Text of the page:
Fun Fact! Horley pays the men who break you out of the prison wagon $50 each. From what I can find, Online takes place in 1898, one year before the main game, so she gave each one the equivalent of $1,544.54, and spent $3,089.08 total to bust one person out.

And that's not even counting how much she would spend to outfit them with horses, clothes, and guns!

[Is it] a beat without a melody[?]
~My Shot, Lin-Manuel Miranda, Daveed Diggs, Leslie Odom Jr., Anthony Ramos, Okieriete Onaodowan

[I'm] young, scrappy and hungry
~My Shot, Lin-Manuel Miranda, Daveed Diggs, Leslie Odom Jr., Anthony Ramos, Okieriete Onaodowan

The amount of people that Amos Lancing had condemned to death was horrifying.

Horley's mistress had spent more money than he was sure he'd ever had pass through his hands in his lifetime breaking them out and outfitting them. Some had stuck around, spitting fire and wanting nothing more than to get revenge on the man who had had them locked up for a murder they'd not committed. Others had fled, hadn't looked back. Some of them what had fled had left the surrounding states, intending on starting anew, while others had stayed in the surrounding states and done as they wished.

He'd have preferred that more had stayed around, had paid back his mistress. She'd provided them with a horse - it may not have been a good one, but even a feedlot horse wasn't terribly cheap - clothes, decent guns, and had paid one hundred dollars apiece to break them loose of the prison wagons.

The ones that had didn't remain in their camp, of course. They roamed, camped and did odd jobs. Old Man Jones had been spot on with all of them - those what he'd said had black marks on their souls took to doing the devil's work, robbing and stealing and killing, taking work, he heard, from those that were even worse than they. And those who Jones said were 'gooduns' often were, did deliveries, hunted and did mailruns, took small jobs wherever they went to put money in their pockets, broke horses to sell.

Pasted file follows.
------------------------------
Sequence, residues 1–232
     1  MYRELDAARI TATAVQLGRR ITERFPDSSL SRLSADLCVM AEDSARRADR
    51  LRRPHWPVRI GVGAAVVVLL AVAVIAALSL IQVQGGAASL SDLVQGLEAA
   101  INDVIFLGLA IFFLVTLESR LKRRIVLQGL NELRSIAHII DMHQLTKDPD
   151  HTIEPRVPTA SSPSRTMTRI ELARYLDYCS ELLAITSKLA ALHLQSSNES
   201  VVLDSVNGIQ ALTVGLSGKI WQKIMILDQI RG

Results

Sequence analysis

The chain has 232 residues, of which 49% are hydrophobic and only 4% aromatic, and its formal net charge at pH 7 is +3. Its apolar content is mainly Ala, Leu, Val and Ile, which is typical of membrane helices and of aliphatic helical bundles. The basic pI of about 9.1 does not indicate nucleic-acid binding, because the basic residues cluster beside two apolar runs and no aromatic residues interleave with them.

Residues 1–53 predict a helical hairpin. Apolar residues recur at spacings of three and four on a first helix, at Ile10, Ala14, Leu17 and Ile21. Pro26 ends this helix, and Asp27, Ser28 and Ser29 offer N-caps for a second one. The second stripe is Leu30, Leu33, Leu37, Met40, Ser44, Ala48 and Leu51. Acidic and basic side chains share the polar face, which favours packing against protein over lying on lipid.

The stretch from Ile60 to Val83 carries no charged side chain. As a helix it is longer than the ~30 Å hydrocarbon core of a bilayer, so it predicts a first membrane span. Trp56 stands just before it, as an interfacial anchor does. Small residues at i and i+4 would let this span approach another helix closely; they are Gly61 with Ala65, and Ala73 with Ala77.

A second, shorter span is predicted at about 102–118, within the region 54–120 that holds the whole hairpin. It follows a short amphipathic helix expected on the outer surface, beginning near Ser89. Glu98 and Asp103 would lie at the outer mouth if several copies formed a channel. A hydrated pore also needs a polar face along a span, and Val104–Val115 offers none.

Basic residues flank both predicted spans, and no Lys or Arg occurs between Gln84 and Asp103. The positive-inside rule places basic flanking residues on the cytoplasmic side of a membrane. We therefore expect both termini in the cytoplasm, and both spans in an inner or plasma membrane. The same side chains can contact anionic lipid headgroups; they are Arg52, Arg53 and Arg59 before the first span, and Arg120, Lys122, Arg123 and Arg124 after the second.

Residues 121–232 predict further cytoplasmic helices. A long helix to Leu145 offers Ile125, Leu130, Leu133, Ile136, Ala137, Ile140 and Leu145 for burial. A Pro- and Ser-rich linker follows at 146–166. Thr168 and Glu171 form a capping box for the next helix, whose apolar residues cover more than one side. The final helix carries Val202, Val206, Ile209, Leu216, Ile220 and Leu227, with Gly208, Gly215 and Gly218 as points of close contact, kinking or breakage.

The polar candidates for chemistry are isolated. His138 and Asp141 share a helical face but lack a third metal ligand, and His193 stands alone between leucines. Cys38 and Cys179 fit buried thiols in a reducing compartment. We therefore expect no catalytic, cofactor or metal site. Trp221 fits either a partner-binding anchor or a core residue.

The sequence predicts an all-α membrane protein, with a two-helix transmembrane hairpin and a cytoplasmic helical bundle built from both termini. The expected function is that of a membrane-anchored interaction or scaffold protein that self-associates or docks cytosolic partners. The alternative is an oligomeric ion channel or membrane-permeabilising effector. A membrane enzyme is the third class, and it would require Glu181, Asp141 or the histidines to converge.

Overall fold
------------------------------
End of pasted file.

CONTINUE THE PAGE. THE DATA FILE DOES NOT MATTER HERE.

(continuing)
Say what you will about crazy Old Man Jones, but he could judge a man's character from a state away.

There was one woman, though, Jones couldn't seem to draw a bead on.

She called herself Evan, though like many of the folk his mistress broke out he doubted it was her real name. Jones waffled on whether she was a 'goodun' or whether her soul was tarred with sin, and it seemed every time they met he changed his mind. And even Horley and his mistress weren't entirely certain.

The woman had earned quite a name for himself, and it didn't seem a week could go by without him hearing of her. Had, with the help of that senile old man they'd put her up with, made a decent little trading company. Had some other outlaws shaking in their boots at the sound of her name, she'd earned such a name for herself as a bounty hunter (and, he knew, she'd even brought in some of the sin-stained folk he'd helped to break out of prison. It was no great loss after hearing what they'd done after being set free), and with the help of the previously-thought-deceased Maggie Fike cornered the market as a bootlegger.

Of all the folk that they'd been able to save from Lancing's machinations, she'd been the most intriguing, most promising and useful. When they called, she always came running, loyal as any dog.

That was why, Horley tried to convince himself as he stitched up her side, he was using so much of their supplies to try and save her life when he'd have left the others to die.